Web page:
Pastors are trained to preach and lead more than to listen and feel. For this reason, much of what we consider a failure in church revitalization stems from a lack of awareness and management. The unaware and unmanaged pastor is scoffed at and ignored, while the socially unaware and unmanaged pastor is fired. Neither of these actions heals old wounds and allows for future health and growth. Here are five obstacles to emotional intelligence we need to address.
1. Resistance to change
The leader must learn to couple self-awareness of their own emotions with an awareness of the emotions the church people are feeling. The unaware leader will create more conflict and dissolution of unity than was present before he engaged. The wise leader listens to his heart and the church’s heart. Gordon MacDonald wrote a beautiful book that chronicles his journey in church change.
2. A losing mindset
This will take much love, prayer, and handholding for the pastor to lead a church through this obstacle. Looking for social cues in the congregation creates a space for the pastor to lead slowly and carefully. It is quite possible that the church feels the pain of the depression but has shifted blame to many things other than the root of the problem.
3. Learning to lead, not drive, the people
The church has “done it this way” for years and will not be easily motivated to do otherwise. One local pastor told me he does two things. First, he drops the change into conversation over time. Second, he lets it be the church’s idea when it comes up later. These steps are an excellent portrayal of lovingly leading instead of driving his people. The self-managing pastor will slow down and read the history of the church. The pastor learning to be socially aware and manage situations will ask many questions that allow people to testify to the church’s history.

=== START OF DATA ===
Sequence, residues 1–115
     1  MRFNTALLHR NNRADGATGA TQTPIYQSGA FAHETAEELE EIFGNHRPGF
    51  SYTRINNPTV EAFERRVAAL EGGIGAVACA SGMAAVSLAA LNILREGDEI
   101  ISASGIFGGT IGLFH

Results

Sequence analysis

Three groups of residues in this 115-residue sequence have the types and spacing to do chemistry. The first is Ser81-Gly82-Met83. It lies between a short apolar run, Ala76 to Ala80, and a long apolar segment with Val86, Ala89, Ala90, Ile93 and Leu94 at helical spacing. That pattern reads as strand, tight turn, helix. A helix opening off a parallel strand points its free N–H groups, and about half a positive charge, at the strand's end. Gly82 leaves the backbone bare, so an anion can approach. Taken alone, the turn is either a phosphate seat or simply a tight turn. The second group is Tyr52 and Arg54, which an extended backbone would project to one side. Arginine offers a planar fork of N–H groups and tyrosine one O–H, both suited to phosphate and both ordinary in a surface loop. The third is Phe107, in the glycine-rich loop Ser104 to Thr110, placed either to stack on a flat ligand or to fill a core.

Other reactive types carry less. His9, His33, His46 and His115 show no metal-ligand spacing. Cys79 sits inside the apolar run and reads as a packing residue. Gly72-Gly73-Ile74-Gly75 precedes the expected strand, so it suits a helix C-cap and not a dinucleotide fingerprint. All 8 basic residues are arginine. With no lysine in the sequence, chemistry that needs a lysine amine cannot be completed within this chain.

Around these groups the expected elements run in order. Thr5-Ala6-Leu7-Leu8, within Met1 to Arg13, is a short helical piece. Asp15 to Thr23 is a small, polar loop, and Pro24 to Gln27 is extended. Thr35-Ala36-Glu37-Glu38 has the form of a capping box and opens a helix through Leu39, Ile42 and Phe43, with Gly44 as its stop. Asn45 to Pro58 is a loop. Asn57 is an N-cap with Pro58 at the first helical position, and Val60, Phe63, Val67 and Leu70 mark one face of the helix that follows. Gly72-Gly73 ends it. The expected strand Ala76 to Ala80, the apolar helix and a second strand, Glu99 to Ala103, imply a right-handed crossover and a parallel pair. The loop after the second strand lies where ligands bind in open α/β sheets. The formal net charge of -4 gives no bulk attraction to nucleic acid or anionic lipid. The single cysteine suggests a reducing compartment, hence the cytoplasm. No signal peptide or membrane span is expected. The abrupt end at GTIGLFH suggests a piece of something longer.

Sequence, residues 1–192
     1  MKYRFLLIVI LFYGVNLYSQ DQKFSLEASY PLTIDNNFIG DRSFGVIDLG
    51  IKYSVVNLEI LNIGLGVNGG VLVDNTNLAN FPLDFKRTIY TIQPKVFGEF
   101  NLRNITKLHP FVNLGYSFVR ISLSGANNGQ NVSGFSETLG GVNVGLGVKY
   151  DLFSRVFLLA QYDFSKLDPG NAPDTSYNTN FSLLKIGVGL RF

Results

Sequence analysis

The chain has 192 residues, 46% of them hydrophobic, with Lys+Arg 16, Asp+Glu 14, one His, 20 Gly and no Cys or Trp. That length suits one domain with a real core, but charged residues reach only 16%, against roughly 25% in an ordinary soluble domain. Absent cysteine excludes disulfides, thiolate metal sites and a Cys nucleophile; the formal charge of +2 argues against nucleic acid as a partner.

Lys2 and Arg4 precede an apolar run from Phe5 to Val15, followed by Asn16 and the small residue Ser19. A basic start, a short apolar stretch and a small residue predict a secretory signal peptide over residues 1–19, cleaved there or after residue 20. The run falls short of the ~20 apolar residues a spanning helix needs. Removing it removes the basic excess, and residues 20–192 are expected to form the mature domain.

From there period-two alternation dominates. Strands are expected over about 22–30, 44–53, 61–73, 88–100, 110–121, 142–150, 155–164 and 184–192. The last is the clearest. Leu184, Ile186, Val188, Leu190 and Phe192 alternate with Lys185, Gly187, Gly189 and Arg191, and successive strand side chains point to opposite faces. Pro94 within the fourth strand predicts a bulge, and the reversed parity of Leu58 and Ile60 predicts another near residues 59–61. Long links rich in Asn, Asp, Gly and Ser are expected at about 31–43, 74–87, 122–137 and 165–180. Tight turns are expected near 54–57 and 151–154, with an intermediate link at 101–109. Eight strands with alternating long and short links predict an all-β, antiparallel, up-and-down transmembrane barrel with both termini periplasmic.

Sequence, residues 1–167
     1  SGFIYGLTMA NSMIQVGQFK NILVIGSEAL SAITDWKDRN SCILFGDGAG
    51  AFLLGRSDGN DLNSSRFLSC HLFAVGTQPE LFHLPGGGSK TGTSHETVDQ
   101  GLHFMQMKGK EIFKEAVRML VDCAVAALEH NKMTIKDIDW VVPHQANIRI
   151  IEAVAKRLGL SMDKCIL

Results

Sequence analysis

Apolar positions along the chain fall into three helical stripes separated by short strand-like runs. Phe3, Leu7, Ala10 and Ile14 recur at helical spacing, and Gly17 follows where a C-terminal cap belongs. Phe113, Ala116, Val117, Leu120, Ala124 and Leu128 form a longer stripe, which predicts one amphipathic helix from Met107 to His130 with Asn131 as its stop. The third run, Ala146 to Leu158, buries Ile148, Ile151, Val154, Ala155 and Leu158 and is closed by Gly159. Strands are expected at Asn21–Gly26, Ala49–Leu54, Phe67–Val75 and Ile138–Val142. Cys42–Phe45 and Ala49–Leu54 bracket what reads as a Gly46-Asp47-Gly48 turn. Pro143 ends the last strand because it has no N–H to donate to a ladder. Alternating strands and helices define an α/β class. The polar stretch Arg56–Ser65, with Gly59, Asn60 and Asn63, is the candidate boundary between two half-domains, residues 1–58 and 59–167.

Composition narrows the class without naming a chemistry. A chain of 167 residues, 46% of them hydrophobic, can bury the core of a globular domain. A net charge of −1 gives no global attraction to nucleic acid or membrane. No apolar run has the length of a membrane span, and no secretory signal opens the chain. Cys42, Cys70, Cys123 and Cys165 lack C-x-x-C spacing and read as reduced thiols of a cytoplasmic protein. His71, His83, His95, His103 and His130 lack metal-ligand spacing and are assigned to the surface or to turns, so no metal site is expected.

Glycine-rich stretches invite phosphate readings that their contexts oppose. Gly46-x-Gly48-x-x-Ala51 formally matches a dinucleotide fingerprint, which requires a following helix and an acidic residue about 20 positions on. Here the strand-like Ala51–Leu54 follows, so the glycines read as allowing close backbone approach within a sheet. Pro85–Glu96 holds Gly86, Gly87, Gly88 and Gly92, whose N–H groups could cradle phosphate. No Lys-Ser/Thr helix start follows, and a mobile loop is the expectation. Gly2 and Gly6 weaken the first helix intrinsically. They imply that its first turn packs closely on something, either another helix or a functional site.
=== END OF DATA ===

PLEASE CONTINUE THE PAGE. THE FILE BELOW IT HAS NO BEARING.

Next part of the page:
4. Generational differences
The church that knows the various worldviews of the five generations and engages them at their strengths can learn to collaborate across these lines and thrive during changing times. It’s to be expected that some will resist any change someone else desires for the church. The pain of the status quo is not significant enough to overcome the pain of change. The pastor must lovingly address such resistance. How he loves through the process of change magnifies the transformative effect of the gospel.
5. Leading people to confession and repentance
The pastor who desires to lead change must lead the people to confession and repentance. The emotionally equipped pastor will love first, learn second, then lead. Empathy is essential when addressing behaviors. This is likely the most sensitive and dangerous of the five because it gets personal when discussing behavior. The wise pastor will model more than mention it at the beginning of change readiness development.“The emotionally equipped pastor will love first, learn second, then lead.” — @aaronwsummers Click To Tweet
Developed emotional intelligence is priceless when preparing a church for change. All humans are wired with emotions, but not all know how to manage them well. A plateaued, declining, or dying church will likely not be ready to discuss change without a healthy dose of time, love, and patience on the pastor’s part. Helping a church navigate the choppy waters of change can strike fear in the heart of any pastor. However, those who take the time to learn self-awareness and self-management skills will be prepared for the journey.
For permission to republish this article, please email Marissa Postell Sullivan.
Aaron Summers serves as the pastor of First Baptist Church in Crowley, TX. He and his wife Dulcie have 2 kids in college and enjoy traveling in their RV.